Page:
Most of us know Draper as the home of the Utah State Prison and Point of the Mountain. This "point" is where a break in the Traverse Mountains separates the Salt Lake and Utah Vallies. It's the area of Interstate 15 where commuters find heaven or hell, depending on which direction you're traveling during morning or evening rush hour. To some, it's one of the best places in the country for hang- and paragliding—the views of each valley and surrounding mountains are breathtaking from the sky. Decades ago, the little town was an area of pig farms and polygamists, and a place to race motorcycles in the summer. It was a quiet suburb less than 20 miles from Temple Square.
But in the 1990s, a housing boom began just east of the freeway and has continued to the top of Traverse Mountain with miles and miles of stucco homes surrounding a challenging golf course. Much of it was the brainchild of developer Terry Diehl, who has recently been in the news after facing federal bankruptcy fraud charges. Another huge housing development, SunCrest, was envisioned near South Mountain, but was lost to Zions Bank in the last economic crash. Draper City purchased what was left of the planned subdivision and has added the land to the fabulous Corner Canyon recreation area, making almost 6,000 acres of green space and trails for Draper residents and visitors.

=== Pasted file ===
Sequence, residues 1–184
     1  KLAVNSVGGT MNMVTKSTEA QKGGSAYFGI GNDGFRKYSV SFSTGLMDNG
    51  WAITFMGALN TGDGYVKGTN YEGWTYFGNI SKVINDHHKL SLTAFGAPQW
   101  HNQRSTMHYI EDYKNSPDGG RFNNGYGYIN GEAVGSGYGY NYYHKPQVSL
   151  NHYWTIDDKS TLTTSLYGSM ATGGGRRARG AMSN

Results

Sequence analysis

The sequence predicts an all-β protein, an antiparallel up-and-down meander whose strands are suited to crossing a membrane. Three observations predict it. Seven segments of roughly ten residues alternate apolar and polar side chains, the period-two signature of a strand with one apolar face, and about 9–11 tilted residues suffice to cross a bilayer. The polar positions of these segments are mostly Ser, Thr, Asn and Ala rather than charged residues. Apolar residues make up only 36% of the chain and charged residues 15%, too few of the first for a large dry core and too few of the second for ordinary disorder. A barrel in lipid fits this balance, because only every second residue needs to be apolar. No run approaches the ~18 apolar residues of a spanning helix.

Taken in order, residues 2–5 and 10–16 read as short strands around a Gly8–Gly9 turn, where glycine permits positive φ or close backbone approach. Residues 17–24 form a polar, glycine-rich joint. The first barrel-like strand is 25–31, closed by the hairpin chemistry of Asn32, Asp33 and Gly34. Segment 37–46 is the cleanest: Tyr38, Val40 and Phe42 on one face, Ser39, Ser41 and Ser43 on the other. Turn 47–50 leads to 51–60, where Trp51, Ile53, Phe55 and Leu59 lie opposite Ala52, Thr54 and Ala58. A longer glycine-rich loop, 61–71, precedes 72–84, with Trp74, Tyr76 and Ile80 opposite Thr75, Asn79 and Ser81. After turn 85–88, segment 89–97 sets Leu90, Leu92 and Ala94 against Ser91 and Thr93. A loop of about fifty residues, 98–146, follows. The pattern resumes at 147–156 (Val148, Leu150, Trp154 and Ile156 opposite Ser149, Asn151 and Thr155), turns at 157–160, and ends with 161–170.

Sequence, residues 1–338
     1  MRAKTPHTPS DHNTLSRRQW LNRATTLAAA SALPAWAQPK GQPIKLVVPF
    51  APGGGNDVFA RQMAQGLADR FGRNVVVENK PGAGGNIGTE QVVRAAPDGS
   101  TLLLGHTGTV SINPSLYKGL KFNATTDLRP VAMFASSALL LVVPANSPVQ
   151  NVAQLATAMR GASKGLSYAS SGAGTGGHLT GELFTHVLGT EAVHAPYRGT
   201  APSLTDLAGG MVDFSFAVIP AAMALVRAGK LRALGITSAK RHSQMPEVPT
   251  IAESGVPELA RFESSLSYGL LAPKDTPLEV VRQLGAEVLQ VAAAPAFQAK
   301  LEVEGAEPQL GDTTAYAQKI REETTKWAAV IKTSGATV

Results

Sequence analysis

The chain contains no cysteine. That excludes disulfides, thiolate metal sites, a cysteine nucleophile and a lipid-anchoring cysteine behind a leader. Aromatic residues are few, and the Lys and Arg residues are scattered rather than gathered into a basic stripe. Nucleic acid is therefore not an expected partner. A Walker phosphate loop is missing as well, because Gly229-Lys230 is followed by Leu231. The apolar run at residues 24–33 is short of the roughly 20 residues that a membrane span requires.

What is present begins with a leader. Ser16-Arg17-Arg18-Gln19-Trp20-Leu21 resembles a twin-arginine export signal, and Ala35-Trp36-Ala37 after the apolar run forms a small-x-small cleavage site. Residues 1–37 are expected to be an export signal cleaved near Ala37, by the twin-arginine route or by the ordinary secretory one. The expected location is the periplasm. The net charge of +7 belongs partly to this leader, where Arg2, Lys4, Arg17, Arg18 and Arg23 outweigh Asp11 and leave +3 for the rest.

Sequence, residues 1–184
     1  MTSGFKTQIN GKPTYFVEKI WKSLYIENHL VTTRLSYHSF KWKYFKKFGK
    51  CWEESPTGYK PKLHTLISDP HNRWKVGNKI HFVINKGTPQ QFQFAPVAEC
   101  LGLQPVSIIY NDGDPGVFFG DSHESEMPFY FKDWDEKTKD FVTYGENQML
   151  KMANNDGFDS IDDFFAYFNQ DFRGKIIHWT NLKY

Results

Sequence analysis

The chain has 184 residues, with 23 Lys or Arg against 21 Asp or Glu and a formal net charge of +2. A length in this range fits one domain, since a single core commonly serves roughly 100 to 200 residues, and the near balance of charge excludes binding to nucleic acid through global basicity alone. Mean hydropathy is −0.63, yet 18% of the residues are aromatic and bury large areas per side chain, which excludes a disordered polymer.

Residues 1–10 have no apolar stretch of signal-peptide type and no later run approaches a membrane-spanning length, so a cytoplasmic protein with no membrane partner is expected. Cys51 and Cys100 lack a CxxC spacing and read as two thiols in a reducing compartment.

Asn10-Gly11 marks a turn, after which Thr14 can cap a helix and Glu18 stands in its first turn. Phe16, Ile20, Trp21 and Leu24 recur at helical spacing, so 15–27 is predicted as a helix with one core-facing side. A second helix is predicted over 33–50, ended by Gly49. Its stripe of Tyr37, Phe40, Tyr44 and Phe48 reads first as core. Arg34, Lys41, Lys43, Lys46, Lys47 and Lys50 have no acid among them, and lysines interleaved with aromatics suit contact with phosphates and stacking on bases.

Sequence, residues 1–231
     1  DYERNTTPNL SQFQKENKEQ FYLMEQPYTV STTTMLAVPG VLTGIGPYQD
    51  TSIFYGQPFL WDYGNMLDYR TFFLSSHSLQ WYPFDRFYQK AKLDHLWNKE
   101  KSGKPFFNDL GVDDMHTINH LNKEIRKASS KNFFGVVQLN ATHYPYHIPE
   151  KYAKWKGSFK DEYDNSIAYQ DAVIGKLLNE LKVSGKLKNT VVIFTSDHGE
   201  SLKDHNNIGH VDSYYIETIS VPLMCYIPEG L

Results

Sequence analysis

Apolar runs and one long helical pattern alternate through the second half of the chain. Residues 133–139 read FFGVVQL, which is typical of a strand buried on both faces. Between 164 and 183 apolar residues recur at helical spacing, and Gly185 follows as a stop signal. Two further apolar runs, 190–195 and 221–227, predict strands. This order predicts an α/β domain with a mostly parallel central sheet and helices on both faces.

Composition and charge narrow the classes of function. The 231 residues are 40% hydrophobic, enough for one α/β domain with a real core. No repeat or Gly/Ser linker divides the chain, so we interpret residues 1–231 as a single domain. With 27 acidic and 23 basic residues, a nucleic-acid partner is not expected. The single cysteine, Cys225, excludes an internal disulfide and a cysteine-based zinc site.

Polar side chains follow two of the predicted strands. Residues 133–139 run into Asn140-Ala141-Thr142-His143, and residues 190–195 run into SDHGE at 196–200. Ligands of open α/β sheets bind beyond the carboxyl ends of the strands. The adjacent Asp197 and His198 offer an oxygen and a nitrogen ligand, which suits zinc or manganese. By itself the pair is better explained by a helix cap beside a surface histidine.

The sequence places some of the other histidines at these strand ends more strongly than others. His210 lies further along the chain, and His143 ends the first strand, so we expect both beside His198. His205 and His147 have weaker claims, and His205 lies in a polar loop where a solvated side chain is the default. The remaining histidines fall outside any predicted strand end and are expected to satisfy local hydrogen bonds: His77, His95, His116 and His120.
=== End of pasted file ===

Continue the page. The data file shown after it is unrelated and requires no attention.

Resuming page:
My friend Troy Walker is mayor of Draper. You might have seen him on the local news recently when he offered city land as a potential location for a new homeless facility that the state and county need so desperately. He said it was "the Christian thing to do," but subsequently, he was verbally nailed to a public cross by his fellow Draperites for even suggesting the idea. When I saw him afterward, he told me that most of the backlash was about his Christian comment. He's a fighter—the son of an amazing Vietnam vet who survived 18 helicopter crashes in the 1960s. He's maintained the city as a great place to invest in and develop, with unique zoning laws that do not limit buildings' height or density. He serves on the Point of the Mountain Development Commission with other mayors and politicos. They just completed a survey that found citizens see transportation as the area's biggest challenge, followed by clean air. For now, he and his fair city have a lot on their plate as they plan for the future of the area surrounding the state-owned prison site, while traffic at The Point practically doubles before our eyes.